Try Fresh Currants in this Easy Kanten

Kanten

It was a great farmer’s market find. Fresh Red Currants were ripe and ready at the market, and it was too hot to bake. So, I made kanten. Kanten is the plant-based world’s answer to Jell-o, and it couldn’t be more refreshing. Don’t tell anyone it’s vegan, just serve it. Kids and adults alike will relish the cooling treat.

The secretly awesome thing about kanten is that the sea vegetable that gels it is fiber rich and filling, so it is a light way to stave off hunger, as well as to hydrate with vitamin-rich fruit. It’s touted as a weight loss aid in Japan, if that’s of interest to you. I just love the way it melts in my mouth.

(I made a lovely Green Tea Kanten in this link)

Fruity Kanten is a Summer Treat

Kanten is actually the Japanese word for Agar Agar, the gelling powder, flakes or bars made from a kind of red algae. Don’t worry, it’s not even recognizable as a sea vegetable or algae, once wit’s been processed. I used powdered agar agar in this dish, for convenience. It’s similar to gelatin, but behaves a little differently. Because it’s a natural product, it sometimes varies in gelling power. It’s not a problem, in this dessert. If your kanten doesn’t set up, just strain it back into the pan, whisk in a teaspoon of agar powder, and heat until dissolved, then pour it over the currants in the baking dish to set.

fresh red currants

Fresh red currants from Good Courage Farm

Ruby Red Fruit in Sweet Kanten

Because of the nature of agar, the final gel has an almost linear texture, that cleaves into subtle shapes that remind me of rock formations. It’s still gorgeous and luminous in the light, and hey, no animals hooves were rendered to make it. Just plants. It also stays set at room temperature, unlike the melting jello of your youth. It’s most fun to eat when cold, though, and it keeps for a few days in the fridge.

red currant kanten

So easy and slice-able

To keep it simple, I just used bottled apple juice. You can use any juice you want, as long as you keep color in mind. I wanted a neutral color so that the currants could shine.

Red Currants are a Local Delicacy

When I hear red currant, I usually think of British food. Red currants seem to be synonymous with scones and jams from across the pond. But, who knew, the grow here in Minnesota! I was thrilled to find a stand selling them right here at the Mill City Market.

Good Courage Farm is a new vendor at the market, and it’s great to see some uncommon fruits, like gooseberries and currants, among the tried and true produce. The graceful trailing stems of berries are too pretty to pass up, and I hope that they are selling out every week.

Of course, kanten is as flexible as it is easy. Switch out the juice, or use another fruit, and it will be just as welcome when you crave something a little bit sweet. The bounty of local fruit is always inspiring, but it always seems to come at the hottest time of the year. I know I can only bake so many pies or scones before I’m ready for some kanten.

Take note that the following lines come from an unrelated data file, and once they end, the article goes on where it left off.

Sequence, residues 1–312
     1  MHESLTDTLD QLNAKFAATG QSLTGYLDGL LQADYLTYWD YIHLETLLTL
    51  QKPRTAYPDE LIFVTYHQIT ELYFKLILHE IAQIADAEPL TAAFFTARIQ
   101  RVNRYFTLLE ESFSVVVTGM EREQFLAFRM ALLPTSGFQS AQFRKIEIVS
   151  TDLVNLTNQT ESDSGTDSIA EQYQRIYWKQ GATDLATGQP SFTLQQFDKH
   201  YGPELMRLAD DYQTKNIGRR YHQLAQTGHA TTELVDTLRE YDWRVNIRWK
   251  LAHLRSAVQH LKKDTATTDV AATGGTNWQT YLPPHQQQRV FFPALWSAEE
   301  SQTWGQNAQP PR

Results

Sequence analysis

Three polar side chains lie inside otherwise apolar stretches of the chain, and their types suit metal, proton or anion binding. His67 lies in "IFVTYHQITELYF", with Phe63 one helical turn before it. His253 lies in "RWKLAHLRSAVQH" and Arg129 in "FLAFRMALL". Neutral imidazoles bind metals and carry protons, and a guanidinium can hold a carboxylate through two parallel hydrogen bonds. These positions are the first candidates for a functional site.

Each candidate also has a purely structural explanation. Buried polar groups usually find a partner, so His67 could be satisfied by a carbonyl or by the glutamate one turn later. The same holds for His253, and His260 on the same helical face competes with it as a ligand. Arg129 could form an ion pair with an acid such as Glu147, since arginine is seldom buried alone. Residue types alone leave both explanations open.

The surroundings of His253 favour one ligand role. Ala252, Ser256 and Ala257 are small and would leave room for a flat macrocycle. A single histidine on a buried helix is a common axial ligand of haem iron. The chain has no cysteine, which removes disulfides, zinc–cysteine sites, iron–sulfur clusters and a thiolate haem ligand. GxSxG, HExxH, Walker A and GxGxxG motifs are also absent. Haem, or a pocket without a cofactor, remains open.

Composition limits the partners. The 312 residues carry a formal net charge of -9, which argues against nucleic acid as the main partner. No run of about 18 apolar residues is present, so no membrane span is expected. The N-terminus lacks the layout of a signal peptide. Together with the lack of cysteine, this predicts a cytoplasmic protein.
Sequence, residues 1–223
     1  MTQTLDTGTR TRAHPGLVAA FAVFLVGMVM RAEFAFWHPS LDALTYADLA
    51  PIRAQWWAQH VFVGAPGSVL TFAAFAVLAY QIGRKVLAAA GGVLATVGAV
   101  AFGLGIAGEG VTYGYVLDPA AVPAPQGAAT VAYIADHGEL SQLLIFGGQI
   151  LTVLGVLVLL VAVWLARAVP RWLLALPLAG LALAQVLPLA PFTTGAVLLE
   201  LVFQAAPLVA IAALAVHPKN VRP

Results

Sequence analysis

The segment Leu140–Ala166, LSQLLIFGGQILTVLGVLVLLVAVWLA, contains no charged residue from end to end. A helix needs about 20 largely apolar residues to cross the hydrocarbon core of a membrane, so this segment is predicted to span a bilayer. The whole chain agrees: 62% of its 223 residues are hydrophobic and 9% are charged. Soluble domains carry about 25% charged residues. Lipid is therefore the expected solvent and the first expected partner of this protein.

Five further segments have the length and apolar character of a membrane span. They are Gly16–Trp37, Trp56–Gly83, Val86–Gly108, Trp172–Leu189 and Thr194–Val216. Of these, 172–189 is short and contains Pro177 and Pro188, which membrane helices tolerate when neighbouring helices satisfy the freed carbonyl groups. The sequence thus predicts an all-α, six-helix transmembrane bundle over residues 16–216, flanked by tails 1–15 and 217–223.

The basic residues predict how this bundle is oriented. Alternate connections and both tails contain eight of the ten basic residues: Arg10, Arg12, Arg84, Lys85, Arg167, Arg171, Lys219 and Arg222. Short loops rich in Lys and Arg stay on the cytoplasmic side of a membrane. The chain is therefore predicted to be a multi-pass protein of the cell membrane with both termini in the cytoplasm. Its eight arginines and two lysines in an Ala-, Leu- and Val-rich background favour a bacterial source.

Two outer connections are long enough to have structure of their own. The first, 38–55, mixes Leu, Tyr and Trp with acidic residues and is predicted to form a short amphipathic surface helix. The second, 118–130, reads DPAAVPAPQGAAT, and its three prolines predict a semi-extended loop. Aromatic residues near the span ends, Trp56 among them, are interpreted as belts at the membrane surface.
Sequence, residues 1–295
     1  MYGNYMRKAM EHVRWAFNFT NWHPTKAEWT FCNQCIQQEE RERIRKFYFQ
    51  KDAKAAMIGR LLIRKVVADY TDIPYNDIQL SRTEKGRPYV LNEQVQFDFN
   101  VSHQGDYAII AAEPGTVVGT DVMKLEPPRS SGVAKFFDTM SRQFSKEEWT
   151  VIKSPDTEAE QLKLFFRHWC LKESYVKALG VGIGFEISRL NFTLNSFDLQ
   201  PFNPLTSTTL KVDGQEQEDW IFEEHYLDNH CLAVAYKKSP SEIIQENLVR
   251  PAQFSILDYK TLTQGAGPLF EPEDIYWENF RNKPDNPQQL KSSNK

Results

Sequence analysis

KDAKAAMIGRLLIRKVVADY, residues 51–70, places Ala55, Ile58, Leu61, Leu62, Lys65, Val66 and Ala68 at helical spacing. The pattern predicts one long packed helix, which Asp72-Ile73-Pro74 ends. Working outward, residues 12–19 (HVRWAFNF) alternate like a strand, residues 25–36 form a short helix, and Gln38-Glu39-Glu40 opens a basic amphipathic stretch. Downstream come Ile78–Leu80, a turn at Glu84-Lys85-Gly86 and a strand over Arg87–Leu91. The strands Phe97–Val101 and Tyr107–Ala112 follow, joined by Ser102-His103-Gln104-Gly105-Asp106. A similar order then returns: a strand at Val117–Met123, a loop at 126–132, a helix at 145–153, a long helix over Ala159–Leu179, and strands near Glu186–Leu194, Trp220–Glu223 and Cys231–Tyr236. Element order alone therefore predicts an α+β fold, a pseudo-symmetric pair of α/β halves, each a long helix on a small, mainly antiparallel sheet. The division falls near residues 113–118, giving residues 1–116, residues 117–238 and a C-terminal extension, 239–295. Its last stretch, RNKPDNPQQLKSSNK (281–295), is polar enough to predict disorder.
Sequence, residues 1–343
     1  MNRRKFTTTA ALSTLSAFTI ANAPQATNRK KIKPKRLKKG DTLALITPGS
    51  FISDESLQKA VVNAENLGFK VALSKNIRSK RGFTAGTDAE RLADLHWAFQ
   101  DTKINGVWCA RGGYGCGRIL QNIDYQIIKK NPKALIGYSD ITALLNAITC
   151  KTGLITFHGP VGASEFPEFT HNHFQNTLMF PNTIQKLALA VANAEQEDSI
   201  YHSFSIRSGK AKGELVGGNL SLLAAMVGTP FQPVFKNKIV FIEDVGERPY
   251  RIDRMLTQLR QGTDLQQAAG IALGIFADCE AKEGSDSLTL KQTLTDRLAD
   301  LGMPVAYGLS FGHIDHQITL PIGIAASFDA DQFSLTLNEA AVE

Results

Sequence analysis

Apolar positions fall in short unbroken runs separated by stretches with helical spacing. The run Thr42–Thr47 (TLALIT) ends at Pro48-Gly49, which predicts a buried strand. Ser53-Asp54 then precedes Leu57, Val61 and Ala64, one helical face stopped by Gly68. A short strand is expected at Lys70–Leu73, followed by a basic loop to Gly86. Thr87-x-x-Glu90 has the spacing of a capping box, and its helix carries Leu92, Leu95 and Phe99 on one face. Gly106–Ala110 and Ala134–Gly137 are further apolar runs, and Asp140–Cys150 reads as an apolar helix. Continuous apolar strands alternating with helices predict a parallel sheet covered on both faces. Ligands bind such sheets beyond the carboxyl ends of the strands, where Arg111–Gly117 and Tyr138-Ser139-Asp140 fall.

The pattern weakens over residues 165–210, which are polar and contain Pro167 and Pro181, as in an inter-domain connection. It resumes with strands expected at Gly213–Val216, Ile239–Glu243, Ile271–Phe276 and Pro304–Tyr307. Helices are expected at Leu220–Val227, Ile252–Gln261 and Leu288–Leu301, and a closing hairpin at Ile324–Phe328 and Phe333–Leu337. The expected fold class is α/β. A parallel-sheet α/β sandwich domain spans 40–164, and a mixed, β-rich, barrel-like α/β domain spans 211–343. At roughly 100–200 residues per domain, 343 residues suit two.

Make kanten a summer staple at your house, and keep cool all season long.

Fresh Red Currant Kanten

Miss jello? Kanten is the vegan version that we can eat with abandon.

Servings 4
Author Robin Asbell

Ingredients

  • 1 cup fresh red currants or fresh cranberries
  • 4 cups apple juice
  • 2 teaspoons powdered agar
  • optional sweetener

Instructions

  1. Wash the currants and pull from the stem, pat dry. Lightly oil a 9 by 9 inch or similar size dish.

  2. In a 2 quart pot, whisk the apple juice, agar, and an optional half cup organic sugar, if desired. Place over medium heat and bring to a simmer, whisking until the agar is dissolved.

  3. Sprinkle the currants over the bottom of the container. Pour the hot kanten over the currants, use a spoon to distribute the currants evenly.

  4. Chill until firm. Slice in 12 squares. serve garnished with more currants and plant-based whipped "cream," if desired.

3 Responses
  • Jul 20, 2019

    Pleased to see you spreading the word about the pleasures of KANTEN! Depending upon the fruit (or vegetable) though, amounts of sugar and ratio of liquid to kanten needs to be adjusted.

    Elizabeth Andoh Jul 20, 2019
    Reply
    • Jul 21, 2019

      Thank you, Elizabeth! Yes, if it doesn’t gel you can always strain it and add more agar. It’s such a perfect dish on a hot day.

      Robin Asbell Jul 21, 2019
  • Jul 21, 2019

    Fruit-flavored kanten is sooooo refreshing! Have you tried scooping out orange and/or grapefruit halves (being careful not to puncture or bruise the shells) and mixing the juice from the squeezed fruit with kanten (and a bit of sugar — needed to help gel the kanten and to balance flavor) before pouring it back in the shells to gel. Then slice into wedges; easy to peel back the skins when eating. Use my recipe on page 232 of Kansha as a point of departure. Can’t wait to see what variations you make from whatever summer fruit you have in the Twin Cities. Maybe a mixture of currents or cranberry and orange in the orange shells?

    Elizabeth Andoh Jul 21, 2019
    Reply

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